hay-barn was home to so many things
with shrivelled remnants of dried
tattered wings, the twisted corpses
insects, long since dead,
in tangled, tensile threads
of crumpled newspapers,
crisp, curled with age,
on some long-redundant mattress,
exposed, horse-hair and wadding
marauding field-mice and rats.
stacks of half-empty paint-cans,
on wormy, wooden boxes
once stored the Coxes
an orchard long-gone.
smell of times-past and the ghost
children's laughter, hang from musty rafters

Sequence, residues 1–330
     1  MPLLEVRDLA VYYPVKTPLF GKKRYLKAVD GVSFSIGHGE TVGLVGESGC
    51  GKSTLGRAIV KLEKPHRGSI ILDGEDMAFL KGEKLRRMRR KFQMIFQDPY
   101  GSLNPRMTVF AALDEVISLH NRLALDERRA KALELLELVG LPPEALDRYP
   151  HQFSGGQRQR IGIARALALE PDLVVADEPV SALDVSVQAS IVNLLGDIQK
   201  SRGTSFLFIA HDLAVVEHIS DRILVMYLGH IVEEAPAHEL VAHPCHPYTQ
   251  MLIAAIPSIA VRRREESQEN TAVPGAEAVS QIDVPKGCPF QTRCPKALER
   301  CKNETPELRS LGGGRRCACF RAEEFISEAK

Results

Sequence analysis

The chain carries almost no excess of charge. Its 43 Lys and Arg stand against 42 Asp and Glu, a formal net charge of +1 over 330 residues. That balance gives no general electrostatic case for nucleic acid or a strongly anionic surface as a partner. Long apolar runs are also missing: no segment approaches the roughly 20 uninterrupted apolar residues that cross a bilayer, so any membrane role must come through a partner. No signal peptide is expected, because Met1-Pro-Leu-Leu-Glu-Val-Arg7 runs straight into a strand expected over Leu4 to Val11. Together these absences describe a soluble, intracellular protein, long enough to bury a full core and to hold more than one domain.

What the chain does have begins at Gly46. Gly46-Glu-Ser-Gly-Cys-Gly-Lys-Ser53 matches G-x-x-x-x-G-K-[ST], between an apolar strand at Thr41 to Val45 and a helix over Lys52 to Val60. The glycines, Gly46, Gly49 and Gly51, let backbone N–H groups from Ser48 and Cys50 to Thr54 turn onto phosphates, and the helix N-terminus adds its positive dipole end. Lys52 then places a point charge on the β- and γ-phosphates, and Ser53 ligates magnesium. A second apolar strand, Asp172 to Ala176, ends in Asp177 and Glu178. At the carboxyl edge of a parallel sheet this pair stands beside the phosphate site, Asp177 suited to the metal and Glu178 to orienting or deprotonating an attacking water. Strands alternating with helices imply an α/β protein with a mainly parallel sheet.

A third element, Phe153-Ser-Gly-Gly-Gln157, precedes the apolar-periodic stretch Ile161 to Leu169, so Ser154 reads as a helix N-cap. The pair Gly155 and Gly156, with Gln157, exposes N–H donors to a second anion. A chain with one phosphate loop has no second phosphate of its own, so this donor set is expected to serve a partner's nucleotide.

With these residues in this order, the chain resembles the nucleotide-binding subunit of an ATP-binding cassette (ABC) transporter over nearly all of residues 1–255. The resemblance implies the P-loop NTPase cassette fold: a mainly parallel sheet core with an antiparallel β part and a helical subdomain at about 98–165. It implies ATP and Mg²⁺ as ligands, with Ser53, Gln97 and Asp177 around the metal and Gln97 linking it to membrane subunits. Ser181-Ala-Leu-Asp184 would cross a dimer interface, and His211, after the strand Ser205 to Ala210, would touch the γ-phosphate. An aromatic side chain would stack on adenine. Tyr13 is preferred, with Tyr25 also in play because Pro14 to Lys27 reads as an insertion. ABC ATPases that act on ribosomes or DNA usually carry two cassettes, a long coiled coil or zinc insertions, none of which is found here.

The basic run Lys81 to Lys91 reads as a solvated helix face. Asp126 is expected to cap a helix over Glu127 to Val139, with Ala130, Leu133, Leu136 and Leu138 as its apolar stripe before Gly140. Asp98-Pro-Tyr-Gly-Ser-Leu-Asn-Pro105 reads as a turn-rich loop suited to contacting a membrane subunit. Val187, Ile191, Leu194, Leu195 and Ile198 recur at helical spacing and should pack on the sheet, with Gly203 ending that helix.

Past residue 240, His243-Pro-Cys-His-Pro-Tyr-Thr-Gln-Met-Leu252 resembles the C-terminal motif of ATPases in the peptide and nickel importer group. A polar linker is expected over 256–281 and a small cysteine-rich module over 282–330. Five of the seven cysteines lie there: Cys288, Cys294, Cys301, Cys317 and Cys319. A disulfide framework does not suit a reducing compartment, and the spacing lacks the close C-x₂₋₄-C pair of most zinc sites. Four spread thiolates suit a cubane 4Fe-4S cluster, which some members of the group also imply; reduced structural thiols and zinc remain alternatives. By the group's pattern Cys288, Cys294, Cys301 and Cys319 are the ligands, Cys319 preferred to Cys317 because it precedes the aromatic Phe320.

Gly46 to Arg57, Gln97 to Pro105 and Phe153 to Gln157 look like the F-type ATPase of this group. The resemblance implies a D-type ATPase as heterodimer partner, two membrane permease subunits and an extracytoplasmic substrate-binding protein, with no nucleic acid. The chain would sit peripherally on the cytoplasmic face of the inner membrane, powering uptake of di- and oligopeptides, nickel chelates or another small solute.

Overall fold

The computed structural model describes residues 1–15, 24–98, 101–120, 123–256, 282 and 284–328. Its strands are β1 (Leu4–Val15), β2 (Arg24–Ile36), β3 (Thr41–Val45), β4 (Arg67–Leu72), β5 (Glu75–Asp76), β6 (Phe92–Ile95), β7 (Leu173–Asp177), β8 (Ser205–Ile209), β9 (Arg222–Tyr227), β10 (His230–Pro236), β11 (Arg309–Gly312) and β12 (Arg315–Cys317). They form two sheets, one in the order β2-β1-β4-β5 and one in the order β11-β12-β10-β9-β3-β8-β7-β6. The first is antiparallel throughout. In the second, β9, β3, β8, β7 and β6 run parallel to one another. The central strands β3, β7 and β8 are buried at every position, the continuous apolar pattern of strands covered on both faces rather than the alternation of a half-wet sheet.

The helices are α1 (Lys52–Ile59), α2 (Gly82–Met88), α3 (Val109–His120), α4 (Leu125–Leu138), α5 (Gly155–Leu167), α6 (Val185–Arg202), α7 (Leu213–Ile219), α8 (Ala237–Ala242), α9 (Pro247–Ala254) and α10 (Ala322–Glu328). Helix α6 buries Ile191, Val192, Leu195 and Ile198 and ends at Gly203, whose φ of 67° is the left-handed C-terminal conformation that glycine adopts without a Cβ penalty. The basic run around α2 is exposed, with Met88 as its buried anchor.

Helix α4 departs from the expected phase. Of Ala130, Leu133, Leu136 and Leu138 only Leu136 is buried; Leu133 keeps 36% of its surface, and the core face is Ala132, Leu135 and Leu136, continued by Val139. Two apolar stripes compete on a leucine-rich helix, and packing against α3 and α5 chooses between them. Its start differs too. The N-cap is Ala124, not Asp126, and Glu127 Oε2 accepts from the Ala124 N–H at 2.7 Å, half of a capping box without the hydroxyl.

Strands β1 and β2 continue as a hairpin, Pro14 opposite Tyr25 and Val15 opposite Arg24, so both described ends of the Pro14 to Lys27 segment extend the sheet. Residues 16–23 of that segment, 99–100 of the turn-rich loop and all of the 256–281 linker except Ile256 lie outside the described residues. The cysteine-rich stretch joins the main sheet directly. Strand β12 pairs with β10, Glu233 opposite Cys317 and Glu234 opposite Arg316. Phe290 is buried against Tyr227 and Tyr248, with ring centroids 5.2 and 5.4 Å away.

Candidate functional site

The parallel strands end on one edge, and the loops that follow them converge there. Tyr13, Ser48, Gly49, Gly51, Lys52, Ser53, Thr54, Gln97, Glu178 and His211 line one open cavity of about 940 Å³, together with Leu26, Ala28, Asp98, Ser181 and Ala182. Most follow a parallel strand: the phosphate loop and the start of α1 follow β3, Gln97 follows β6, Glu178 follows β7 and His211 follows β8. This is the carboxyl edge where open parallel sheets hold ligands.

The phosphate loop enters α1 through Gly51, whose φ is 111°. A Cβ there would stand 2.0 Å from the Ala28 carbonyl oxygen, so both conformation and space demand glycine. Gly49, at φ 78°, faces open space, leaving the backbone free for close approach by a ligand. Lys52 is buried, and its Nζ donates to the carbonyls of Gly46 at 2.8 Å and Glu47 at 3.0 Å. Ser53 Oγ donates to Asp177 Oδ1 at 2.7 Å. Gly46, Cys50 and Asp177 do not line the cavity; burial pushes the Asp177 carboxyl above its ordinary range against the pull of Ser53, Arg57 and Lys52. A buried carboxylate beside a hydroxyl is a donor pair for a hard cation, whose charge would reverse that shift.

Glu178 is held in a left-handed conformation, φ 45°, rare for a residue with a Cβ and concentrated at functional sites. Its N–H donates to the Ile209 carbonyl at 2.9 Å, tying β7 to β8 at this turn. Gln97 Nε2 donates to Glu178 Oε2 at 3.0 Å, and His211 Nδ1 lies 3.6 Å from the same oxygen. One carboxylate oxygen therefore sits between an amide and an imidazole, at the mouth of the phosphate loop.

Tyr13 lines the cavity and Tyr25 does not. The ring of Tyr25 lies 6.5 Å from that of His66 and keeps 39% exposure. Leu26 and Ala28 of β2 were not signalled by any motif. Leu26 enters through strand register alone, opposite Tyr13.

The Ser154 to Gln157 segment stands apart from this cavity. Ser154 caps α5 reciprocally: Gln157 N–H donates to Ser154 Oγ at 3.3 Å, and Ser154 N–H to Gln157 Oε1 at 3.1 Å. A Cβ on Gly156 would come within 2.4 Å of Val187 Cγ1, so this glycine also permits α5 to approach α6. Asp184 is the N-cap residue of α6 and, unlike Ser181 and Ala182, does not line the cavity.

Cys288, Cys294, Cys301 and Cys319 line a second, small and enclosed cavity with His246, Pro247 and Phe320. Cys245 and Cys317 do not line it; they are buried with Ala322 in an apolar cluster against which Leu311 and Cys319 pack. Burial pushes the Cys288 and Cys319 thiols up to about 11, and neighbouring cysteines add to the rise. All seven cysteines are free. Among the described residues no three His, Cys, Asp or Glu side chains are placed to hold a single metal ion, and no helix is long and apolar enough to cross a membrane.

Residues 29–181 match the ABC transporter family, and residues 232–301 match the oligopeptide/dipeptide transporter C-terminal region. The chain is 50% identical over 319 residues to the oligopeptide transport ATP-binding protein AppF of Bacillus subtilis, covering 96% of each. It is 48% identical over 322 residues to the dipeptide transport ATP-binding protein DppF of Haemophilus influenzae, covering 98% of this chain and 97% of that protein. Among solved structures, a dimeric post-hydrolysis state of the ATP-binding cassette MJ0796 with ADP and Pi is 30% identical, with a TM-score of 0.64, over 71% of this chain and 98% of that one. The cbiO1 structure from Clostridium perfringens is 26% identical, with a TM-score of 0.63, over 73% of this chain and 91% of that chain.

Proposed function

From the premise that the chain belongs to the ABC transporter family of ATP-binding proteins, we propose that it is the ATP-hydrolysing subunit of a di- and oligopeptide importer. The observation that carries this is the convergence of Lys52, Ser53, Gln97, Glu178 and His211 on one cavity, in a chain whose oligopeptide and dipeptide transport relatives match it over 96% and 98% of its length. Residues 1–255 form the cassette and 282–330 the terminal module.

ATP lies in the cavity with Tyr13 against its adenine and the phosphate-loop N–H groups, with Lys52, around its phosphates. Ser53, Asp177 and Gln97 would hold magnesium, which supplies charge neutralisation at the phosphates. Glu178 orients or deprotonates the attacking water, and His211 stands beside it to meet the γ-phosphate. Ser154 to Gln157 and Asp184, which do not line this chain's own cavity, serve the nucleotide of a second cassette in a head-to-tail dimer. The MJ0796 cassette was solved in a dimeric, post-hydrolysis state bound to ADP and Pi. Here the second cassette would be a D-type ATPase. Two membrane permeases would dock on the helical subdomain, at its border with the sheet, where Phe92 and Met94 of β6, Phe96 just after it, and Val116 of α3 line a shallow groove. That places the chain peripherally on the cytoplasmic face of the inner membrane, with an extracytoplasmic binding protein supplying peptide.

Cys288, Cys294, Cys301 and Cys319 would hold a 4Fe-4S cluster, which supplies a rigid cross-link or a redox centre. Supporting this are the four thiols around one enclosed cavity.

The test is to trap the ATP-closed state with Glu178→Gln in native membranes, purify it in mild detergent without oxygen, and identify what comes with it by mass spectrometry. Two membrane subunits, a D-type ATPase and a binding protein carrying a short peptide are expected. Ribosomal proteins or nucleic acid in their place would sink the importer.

the swallows still dive
a gash in the roof,
by some wild, winter storm
find their old nest, as yet safely cradled
the ancient, oak-beams
lined for this years brood.
a cruel irony,
in a few short months
barn will be laid to dust
in the field on which it stood,
long-eared barley grew so tall,
years crop will be sewn ...
red-bricked, terraced houses
their terracotta, tiled rooves
in regimented rows.
the hay-barn, topped with thatch
its mud-crafted cone
the young swallows hatched,
Ann Clatworthy lives and works from a small bungalow in the
heart of the English countryside. Her life-long love of poetry
is driven by her passion for her environment, her family, a black
and white cat called Chess and the whole of this crazy, wondrous
thing we call life.
Christine Ann Clatworthy